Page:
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Sunday, November 23, 2014
Police, county prepare for L.I. Marathon
Bag restrictions, bomb-sniffing dogs among security measures
Courtesy Run-li.com
Sunday’s L.I. Marathon will start in Uniondale and finish in Eisenhower Park in East Meadow

In the aftermath of the Boston Marathon bombings on April 15, county officials are increasing security for Sunday’s Long Island Marathon, adding restrictions on large bags, such as backpacks and duffel bags.

According to Inspector Kenneth Lack of the Nassau County Police Department, a “robust screening process” will be in place for race spectators. Lack said that the bag restrictions would vary at different points along the course, and that there would be areas where no bags of any kind would be permitted. Race participants, he said, will be given clear plastic bags in which to store their belongings.

Prerace festivities begin on Friday, culminating with the 26.2-mile main event and the 13.1-mile half marathon on Sunday. Beginning on Charles Lindbergh Boulevard in Uniondale at 8 a.m., the race will traverse central and northern Nassau County before finishing in Eisenhower Park in East Meadow. Roughly 8,000 runners are expected to compete, according to police.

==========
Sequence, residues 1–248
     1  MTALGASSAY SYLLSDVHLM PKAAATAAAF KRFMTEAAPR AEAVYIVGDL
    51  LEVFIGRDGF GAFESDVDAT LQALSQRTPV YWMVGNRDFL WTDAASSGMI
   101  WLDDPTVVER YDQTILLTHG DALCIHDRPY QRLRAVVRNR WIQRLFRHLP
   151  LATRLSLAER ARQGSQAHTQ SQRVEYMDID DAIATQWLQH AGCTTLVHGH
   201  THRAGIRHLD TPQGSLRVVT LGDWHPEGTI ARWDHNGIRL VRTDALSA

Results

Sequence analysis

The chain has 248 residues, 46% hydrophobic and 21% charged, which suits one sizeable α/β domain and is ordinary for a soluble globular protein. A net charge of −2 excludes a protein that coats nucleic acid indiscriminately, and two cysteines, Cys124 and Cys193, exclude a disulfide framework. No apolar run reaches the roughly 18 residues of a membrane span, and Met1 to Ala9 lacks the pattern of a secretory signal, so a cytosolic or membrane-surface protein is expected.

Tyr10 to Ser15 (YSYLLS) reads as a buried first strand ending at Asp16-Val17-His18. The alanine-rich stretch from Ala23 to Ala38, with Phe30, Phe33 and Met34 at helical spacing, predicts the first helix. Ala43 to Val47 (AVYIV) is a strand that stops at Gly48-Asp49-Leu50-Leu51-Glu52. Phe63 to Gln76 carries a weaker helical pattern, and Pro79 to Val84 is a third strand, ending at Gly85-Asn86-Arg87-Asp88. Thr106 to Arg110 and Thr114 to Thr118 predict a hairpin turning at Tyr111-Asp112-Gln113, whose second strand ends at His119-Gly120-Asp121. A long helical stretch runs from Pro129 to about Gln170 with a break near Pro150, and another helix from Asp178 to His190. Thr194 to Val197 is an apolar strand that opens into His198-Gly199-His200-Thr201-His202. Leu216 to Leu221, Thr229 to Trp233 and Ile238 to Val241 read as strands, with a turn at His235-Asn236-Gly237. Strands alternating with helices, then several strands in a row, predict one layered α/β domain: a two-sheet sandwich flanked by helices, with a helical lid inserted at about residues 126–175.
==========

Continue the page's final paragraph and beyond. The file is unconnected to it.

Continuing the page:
East Meadow resident Lori Polansky is running the half-marathon for 10th time. Ever since the bombings in Boston, she said, her mind has been occupied by “The weight of Boston … and what those people must have experienced.”

But Polansky, who said her race bib will read “I Run for Boston,” added that she is not too concerned about safety, and is excited about hitting the pavement. “I feel like we can be stronger by being out there and running this race,” she said. “We’re coming together. We’re not showing any fear. We’re going out there and uniting ourselves and representing the running community.”

Speaking at a recent public security forum in East Meadow, First Deputy Commissioner Thomas Krumpter said that the events in Boston resulted in a “dynamic change in how we address the marathon.”

He said that the department sent detectives to Boston to meet with the city’s police intelligence units as well as the FBI’s Joint Terrorism Task Force. “We wanted to know what was going on in Boston in order to prepare for the marathon,” Krumpter said.

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